After examining the available description schemes, those areas of MPEG-7 that were considered potentially useful to any SAMBITS application were identified, i.e. the Multimedia Description Schemes part. In particular, the Basic Elements on which the high level descriptions are built, the Content Creation and Production which provide information related to the programme, the Structural Aspects which allow a detailed structured description of the programme, and the User Preferences. Ds and DSs that describe low-level visual or audio aspects of the content were not considered to be useful for the terminal functionality desired, where high-level descriptions meaningful for the viewers were required. Elements from the above areas were then selected, so that the minimum functionality could be achieved at the SAMBITS terminal. The selection is shown in Table 1: For each chosen element type listed in the first column, the related elements (Ds and DSs) which are used are listed in the second column.


Contained Elements







Segment (type=”VideoSegmentType”)


MediaTime (datatype)





Related Material








Related MaterialType





Structured Annotation

Strcutured AnnotationType

Who, WhatObject, WhatAction, Where, When, Why, How














Table 1 MPEG-7 elements selected for the SAMBITS terminal

The following sections describe in more detail the MPEG-7 elements that were implemented for the terminal functionality.

5.1Structural Aspects

The MPEG-7 descriptions at the terminal focus on the structural aspects of the programme. The Segment DS is used to describe the structure of the broadcast programme. Specifically, the Video Segment DS, which describes temporal segments of the video, is used. The Video Segment Decomposition tools are then used for temporally decomposing segments into sub-segments to capture the hierarchical nature of the content. The result is called a Table of Contents where, for example, a video programme can be temporarily segmented into various levels of scenes, sub-scenes and shots. Media Locator and Media Time Ds contain the reference to the media and time information respectively.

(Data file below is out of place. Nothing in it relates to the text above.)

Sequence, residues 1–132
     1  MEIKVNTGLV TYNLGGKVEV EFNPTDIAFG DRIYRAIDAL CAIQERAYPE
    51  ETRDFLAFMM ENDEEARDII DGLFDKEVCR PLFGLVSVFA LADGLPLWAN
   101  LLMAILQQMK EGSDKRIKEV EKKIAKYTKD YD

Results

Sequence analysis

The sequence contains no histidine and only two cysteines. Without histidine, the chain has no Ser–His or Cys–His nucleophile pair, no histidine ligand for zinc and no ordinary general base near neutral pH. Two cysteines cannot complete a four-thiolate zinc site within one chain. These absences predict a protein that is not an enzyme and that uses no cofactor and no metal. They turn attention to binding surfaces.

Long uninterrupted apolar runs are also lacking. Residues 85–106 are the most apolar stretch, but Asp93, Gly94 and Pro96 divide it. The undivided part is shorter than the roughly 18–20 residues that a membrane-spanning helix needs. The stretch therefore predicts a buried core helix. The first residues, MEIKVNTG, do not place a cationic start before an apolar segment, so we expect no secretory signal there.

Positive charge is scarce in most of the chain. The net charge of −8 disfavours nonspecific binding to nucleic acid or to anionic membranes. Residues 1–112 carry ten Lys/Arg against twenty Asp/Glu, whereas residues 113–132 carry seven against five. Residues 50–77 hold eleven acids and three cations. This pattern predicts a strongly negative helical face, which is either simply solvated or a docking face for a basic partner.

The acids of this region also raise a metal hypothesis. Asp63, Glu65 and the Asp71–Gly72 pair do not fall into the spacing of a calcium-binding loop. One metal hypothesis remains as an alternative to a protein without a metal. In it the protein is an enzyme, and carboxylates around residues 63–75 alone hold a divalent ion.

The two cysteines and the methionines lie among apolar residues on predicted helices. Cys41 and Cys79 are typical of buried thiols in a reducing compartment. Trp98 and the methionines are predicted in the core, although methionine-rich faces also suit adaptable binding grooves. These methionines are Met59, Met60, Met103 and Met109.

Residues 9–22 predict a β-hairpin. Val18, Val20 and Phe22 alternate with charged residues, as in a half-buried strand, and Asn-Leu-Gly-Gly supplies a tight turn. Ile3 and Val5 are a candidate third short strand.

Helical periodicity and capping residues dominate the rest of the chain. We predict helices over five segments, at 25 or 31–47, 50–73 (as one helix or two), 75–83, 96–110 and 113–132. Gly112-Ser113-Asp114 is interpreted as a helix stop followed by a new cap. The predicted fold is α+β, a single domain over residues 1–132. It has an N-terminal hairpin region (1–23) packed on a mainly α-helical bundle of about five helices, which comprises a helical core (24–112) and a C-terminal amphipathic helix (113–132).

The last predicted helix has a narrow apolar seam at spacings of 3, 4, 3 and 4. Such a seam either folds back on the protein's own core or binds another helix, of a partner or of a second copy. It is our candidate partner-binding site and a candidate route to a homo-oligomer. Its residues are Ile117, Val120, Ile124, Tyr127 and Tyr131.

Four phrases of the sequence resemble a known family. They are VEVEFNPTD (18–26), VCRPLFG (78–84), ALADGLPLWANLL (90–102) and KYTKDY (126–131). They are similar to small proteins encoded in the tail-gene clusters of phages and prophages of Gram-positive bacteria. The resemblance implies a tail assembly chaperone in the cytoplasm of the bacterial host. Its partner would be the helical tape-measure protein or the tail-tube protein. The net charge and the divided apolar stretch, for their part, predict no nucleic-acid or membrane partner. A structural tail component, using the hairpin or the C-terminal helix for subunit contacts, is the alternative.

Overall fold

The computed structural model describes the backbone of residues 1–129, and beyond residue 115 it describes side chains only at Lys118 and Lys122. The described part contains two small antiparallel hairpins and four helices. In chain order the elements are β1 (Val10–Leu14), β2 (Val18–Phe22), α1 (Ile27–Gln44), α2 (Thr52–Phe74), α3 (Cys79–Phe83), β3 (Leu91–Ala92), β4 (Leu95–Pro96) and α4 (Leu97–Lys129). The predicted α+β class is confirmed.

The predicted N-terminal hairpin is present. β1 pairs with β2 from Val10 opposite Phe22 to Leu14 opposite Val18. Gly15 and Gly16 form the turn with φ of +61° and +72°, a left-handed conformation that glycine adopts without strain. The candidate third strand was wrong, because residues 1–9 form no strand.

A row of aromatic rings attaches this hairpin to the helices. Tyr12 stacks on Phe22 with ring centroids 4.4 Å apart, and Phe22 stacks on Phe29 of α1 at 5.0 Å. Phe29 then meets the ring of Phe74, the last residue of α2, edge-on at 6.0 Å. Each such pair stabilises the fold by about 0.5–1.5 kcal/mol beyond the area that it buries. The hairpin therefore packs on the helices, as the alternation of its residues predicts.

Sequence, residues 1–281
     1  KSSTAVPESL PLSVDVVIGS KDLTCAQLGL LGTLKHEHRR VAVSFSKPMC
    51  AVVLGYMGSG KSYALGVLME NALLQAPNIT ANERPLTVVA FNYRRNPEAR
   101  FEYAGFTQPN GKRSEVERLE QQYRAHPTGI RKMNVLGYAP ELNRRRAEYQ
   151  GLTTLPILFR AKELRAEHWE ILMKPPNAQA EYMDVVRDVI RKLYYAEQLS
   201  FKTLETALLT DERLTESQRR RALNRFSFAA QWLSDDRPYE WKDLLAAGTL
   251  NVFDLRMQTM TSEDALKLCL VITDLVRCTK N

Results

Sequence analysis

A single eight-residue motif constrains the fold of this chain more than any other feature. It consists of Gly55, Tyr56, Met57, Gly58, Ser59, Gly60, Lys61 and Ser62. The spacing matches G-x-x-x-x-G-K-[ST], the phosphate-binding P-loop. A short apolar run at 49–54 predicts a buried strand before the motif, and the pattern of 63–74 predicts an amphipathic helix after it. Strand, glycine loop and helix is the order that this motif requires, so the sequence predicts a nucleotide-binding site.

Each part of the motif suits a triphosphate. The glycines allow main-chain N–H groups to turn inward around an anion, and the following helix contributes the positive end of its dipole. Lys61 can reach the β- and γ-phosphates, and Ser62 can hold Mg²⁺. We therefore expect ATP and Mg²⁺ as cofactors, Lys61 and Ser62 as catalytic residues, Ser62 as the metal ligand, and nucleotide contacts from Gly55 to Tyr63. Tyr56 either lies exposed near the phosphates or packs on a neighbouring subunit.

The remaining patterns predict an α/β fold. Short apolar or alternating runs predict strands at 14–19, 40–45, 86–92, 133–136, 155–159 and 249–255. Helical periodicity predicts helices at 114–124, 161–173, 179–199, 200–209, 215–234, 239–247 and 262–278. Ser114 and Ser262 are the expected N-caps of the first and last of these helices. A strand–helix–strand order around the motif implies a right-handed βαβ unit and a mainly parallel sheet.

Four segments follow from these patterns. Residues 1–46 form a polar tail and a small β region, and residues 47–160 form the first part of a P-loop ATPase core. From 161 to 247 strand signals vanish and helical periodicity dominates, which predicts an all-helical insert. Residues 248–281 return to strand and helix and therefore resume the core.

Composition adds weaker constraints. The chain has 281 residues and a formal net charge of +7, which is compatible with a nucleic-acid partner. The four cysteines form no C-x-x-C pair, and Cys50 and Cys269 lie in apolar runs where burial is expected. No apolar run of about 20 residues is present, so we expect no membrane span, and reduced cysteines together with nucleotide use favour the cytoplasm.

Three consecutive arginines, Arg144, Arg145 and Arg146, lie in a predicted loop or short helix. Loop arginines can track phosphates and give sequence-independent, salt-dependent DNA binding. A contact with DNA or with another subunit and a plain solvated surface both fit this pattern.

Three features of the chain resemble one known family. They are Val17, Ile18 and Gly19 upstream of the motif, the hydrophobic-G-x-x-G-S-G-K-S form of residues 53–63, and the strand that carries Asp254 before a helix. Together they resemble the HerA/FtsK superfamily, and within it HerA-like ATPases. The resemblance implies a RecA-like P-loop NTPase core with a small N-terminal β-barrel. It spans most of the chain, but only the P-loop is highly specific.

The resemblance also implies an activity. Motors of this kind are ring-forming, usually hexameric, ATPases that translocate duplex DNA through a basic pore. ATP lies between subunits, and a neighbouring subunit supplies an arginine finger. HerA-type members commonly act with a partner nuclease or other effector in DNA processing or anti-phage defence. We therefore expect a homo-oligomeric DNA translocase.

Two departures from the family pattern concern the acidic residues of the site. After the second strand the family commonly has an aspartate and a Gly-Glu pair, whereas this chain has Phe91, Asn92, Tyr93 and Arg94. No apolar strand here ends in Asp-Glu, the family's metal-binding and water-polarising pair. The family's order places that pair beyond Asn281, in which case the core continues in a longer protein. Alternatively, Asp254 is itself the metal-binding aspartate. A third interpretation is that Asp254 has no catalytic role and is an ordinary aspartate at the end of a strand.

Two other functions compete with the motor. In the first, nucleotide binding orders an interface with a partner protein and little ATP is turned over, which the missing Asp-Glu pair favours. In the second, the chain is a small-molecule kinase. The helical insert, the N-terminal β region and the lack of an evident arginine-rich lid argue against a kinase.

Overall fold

The Table of Contents allows a granular description of the content, which is needed at the terminal to support the user navigation through the programme and to provide information at various levels of detail. It is also useful for the search functionality of the terminal, as this allows the retrieval to return the most relevant part within a video.

The hierarchically structured content description allows further descriptions to be attached at the different segments of the hierarchy, in order to provide a high level representation of the content at a given granularity. The MPEG-7 structures used in SAMBITS are described in the next subsections.

5.2 Creation Information

The Creation Information DS, which is part of the Content Creation & Production set of DSs, was used to provide general background information related to the videos. In particular, Creation DS provides a Title, an Abstract and the Creator. Classification DS describes how the material may be categorised into Genre and Language. For our Classification instance, free text is used instead of any classification schemes or controlled terms.

The Creation and Classification descriptions are useful for the search functionality by performing matching on the basis of these features. The creation and classification information can also be used in combination with profile information to perform ranking of search results according to user preferences.

The Related Material DS, which describes additional material that is linked to the content, was also implemented. In particular, the Media Locator of the referenced material is only included as it is assumed that the referenced material has also been described.

The Related Material descriptions at the terminal allow an integrated view of the main broadcast programme and all the linked content.

5.3 Textual Annotation

Free Text Annotation and Structured Annotation DSs provide the main description of each segment that is meaningful for a viewer. In particular, the following elements: Who, WhatObject, WhatAction, Where, When, Why, How, are used for the Structured Annotation.

The textual annotation provides the main features of the multimedia material that are used for matching the queries and the material when searching. It is therefore used for representing the material for the search engine and for representing the queries. It is envisaged that the structured annotation will also allow users to specify some keywords that most nearly represent the type of information that they wish to locate.

An example description of a video segment as used in Sambits can be seen in Figure 3. The video is described as audio-visual content, which is described by creation (title, abstract, creator), classification (genre, language) and media information (time, location). The video is temporally decomposed into scenes and scenes are decomposed into shots. For the segments at any level, there may be textual annotation, both free text and structured (who, what object, where etc.). Related material for each segment can also be specified, using links to its location. Note that it is enough to have the creation and classification information only at the root level, since it is inherited to child segments of the decomposition (unless they are instantiated again).